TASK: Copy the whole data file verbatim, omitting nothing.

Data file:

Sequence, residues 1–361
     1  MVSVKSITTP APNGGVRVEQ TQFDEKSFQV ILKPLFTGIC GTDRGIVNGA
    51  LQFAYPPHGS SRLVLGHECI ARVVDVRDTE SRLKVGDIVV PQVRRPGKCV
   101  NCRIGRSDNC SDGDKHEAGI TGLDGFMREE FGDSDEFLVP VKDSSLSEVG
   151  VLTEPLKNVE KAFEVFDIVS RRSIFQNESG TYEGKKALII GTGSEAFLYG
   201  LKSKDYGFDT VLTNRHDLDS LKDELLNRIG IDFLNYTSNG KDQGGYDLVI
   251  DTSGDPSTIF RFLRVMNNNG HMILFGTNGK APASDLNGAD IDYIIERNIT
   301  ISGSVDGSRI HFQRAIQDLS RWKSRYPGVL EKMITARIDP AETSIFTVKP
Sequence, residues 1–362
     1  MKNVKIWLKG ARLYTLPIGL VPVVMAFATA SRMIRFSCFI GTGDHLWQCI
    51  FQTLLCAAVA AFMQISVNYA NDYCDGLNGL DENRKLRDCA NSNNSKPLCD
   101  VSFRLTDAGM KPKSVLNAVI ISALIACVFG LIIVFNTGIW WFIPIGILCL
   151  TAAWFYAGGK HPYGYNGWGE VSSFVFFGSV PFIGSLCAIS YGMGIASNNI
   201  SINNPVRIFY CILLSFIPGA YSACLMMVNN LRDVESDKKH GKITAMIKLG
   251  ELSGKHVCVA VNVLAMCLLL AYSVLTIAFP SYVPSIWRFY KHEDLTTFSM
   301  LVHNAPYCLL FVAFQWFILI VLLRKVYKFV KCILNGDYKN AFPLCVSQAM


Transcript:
Sequence, residues 1–361
     1  MVSVKSITTP APNGGVRVEQ TQFDEKSFQV ILKPLFTGIC GTDRGIVNGA
    51  LQFAYPPHGS SRLVLGHECI ARVVDVRDTE SRLKVGDIVV PQVRRPGKCV
   101  NCRIGRSDNC SDGDKHEAGI TGLDGFMREE FGDSDEFLVP VKDSSLSEVG
   151  VLTEPLKNVE KAFEVFDIVS RRSIFQNESG TYEGKKALII GTGSEAFLYG
   201  LKSKDYGFDT VLTNRHDLDS LKDELLNRIG IDFLNYTSNG KDQGGYDLVI
   251  DTSGDPSTIF RFLRVMNNNG HMILFGTNGK APASDLNGAD IDYIIERNIT
   301  ISGSVDGSRI HFQRAIQDLS RWKSRYPGVL EKMITARIDP AETSIFTVKP
Sequence, residues 1–362
     1  MKNVKIWLKG ARLYTLPIGL VPVVMAFATA SRMIRFSCFI GTGDHLWQCI
    51  FQTLLCAAVA AFMQISVNYA NDYCDGLNGL DENRKLRDCA NSNNSKPLCD
   101  VSFRLTDAGM KPKSVLNAVI ISALIACVFG LIIVFNTGIW WFIPIGILCL
   151  TAAWFYAGGK HPYGYNGWGE VSSFVFFGSV PFIGSLCAIS YGMGIASNNI
   201  SINNPVRIFY CILLSFIPGA YSACLMMVNN LRDVESDKKH GKITAMIKLG
   251  ELSGKHVCVA VNVLAMCLLL AYSVLTIAFP SYVPSIWRFY KHEDLTTFSM
   301  LVHNAPYCLL FVAFQWFILI VLLRKVYKFV KCILNGDYKN AFPLCVSQAM